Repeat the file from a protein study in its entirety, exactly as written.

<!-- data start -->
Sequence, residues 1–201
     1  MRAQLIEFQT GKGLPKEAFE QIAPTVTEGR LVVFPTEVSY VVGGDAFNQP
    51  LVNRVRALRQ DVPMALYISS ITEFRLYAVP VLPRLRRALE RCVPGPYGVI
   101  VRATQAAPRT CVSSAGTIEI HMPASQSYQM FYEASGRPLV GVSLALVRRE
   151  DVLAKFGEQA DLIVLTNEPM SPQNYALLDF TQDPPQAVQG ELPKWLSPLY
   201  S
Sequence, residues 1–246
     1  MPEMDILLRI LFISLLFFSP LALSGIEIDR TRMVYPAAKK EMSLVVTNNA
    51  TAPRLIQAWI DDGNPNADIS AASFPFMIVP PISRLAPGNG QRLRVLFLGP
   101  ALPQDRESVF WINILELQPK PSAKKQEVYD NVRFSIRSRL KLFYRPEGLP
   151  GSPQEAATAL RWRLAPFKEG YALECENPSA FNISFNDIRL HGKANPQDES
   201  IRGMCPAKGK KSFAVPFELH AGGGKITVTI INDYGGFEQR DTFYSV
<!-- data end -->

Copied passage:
Sequence, residues 1–201
     1  MRAQLIEFQT GKGLPKEAFE QIAPTVTEGR LVVFPTEVSY VVGGDAFNQP
    51  LVNRVRALRQ DVPMALYISS ITEFRLYAVP VLPRLRRALE RCVPGPYGVI
   101  VRATQAAPRT CVSSAGTIEI HMPASQSYQM FYEASGRPLV GVSLALVRRE
   151  DVLAKFGEQA DLIVLTNEPM SPQNYALLDF TQDPPQAVQG ELPKWLSPLY
   201  S
Sequence, residues 1–246
     1  MPEMDILLRI LFISLLFFSP LALSGIEIDR TRMVYPAAKK EMSLVVTNNA
    51  TAPRLIQAWI DDGNPNADIS AASFPFMIVP PISRLAPGNG QRLRVLFLGP
   101  ALPQDRESVF WINILELQPK PSAKKQEVYD NVRFSIRSRL KLFYRPEGLP
   151  GSPQEAATAL RWRLAPFKEG YALECENPSA FNISFNDIRL HGKANPQDES
   201  IRGMCPAKGK KSFAVPFELH AGGGKITVTI INDYGGFEQR DTFYSV